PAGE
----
John List: We find great results. The drivers make more money and they work more. So it’s like win-win. Then we scale that up to not only 5% of the drivers, but all of the drivers in the market. And then what happened was something, according to economic theory, magnific. Because they worked more, so the labor supply curve shifts out [inaudible 00:21:12]. And it shifted out so much that drivers were driving around with empty cars more often, and that effect undid the entire positive wage effect of tipping.
Paul Rand: The spillover effect.
John List: The spillover effect. And it’s what economists called the general equilibrium effect.
Paul Rand: Of course, sometimes these spillovers can actually be positive. The important thing is to make sure you’re constantly vigilant for spillovers as you scale.
John List: At this point, all of the Chicago economists who are listening to your show, Paul, are pulling their hair out because they’re like, “Oh my God, where is the Chicago economics?” This is a market. You have demand. And you have supply.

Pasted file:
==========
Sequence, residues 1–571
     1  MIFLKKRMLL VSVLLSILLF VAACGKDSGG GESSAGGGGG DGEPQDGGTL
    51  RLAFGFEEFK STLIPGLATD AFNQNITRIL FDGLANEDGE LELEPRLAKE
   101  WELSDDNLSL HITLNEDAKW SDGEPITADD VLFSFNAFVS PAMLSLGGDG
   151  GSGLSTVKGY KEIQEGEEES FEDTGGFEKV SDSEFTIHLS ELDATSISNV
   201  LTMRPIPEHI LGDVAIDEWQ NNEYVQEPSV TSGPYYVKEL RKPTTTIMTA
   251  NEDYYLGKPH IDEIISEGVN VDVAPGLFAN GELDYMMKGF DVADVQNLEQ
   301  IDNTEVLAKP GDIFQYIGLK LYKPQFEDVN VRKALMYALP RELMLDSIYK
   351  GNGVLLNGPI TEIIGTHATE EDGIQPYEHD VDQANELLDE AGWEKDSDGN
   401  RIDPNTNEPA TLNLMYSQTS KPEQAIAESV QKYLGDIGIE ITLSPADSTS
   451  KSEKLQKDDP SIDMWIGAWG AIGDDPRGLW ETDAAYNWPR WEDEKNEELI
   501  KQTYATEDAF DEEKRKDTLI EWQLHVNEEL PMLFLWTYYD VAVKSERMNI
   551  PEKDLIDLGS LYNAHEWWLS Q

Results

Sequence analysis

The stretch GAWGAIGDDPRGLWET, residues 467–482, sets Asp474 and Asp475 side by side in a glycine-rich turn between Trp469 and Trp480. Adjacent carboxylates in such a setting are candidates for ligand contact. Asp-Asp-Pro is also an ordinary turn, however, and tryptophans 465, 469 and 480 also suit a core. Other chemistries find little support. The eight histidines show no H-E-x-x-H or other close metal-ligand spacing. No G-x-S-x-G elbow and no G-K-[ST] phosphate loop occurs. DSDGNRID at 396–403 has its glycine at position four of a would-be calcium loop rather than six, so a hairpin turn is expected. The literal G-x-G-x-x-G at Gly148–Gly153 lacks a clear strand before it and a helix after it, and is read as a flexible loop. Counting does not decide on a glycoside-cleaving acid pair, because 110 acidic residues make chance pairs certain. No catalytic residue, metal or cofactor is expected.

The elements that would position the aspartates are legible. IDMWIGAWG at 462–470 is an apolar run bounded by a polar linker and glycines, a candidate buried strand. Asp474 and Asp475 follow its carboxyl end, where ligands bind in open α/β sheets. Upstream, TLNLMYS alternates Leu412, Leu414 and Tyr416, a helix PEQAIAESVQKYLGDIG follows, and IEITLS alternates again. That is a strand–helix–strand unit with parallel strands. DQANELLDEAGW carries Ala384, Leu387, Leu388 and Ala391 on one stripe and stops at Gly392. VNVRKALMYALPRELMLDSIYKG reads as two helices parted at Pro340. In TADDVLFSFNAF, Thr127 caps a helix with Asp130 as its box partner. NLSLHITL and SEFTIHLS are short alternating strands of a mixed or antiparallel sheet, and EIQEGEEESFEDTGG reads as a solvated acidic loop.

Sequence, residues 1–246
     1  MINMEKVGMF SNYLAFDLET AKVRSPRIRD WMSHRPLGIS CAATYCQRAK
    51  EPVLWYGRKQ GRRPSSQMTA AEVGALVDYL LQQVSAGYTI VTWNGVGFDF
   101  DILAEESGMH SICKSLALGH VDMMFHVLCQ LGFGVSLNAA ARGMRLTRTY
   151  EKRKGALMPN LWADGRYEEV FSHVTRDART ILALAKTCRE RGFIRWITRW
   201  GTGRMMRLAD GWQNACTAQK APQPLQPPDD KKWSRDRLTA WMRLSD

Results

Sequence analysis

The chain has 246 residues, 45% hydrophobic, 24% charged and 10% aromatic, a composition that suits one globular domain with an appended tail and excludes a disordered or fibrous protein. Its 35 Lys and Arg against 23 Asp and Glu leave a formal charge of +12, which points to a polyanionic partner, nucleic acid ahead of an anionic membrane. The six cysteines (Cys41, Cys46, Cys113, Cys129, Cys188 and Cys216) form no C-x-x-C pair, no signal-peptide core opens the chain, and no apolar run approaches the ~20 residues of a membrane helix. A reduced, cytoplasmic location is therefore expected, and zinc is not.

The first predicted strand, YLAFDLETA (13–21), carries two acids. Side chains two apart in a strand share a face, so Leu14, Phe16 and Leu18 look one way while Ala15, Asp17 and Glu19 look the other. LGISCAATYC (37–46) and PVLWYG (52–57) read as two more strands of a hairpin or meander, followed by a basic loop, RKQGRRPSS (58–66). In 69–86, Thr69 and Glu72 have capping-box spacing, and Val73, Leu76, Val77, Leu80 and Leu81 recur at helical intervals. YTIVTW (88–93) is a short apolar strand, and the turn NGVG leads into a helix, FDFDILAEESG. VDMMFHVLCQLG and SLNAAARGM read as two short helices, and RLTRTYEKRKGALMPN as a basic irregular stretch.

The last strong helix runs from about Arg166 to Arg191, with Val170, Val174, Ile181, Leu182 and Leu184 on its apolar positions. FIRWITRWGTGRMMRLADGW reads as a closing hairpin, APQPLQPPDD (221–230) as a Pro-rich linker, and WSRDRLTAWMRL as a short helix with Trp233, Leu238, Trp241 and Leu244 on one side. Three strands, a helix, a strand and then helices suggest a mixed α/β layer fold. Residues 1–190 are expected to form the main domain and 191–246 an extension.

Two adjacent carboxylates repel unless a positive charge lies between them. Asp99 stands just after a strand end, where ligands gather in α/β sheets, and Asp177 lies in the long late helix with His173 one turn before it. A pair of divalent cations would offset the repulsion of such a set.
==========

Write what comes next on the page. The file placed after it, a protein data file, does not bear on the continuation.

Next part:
Paul Rand: Which brings us to the final weak link. The supply side economics of scaling.
John List: What’s interesting is when I started working in the area of implementation science, which is a new area, and it tends to be psychologists who are working on the scaling of ideas. I said, you know, I want to add economics to this world. So we started writing economic models and doing economic data analysis. And when I introduced the supply side, people were really surprised, and they said, “Wow, we’ve just been focusing on benefits, and whether there was a voltage drop in benefits.”
John List: When you talk about public policy decision making, it’s benefits and costs, and it’s something that literature entirely ignored. So I go after it here and it’s really just unpacking Econ 101.
John List: Look at your idea. And then look at the supply curve and what the marginal cost curve looks like in terms of, as you grow, does it become cheaper and cheaper and cheaper to produce? If so, let’s check off that box, because that has great economies of scale. If not, now you have to consider something very important. Is there a way I can change the production process? Is there a way I can change the good itself? Is there a way I can change the program to where I’m not going to have this steep rising cost?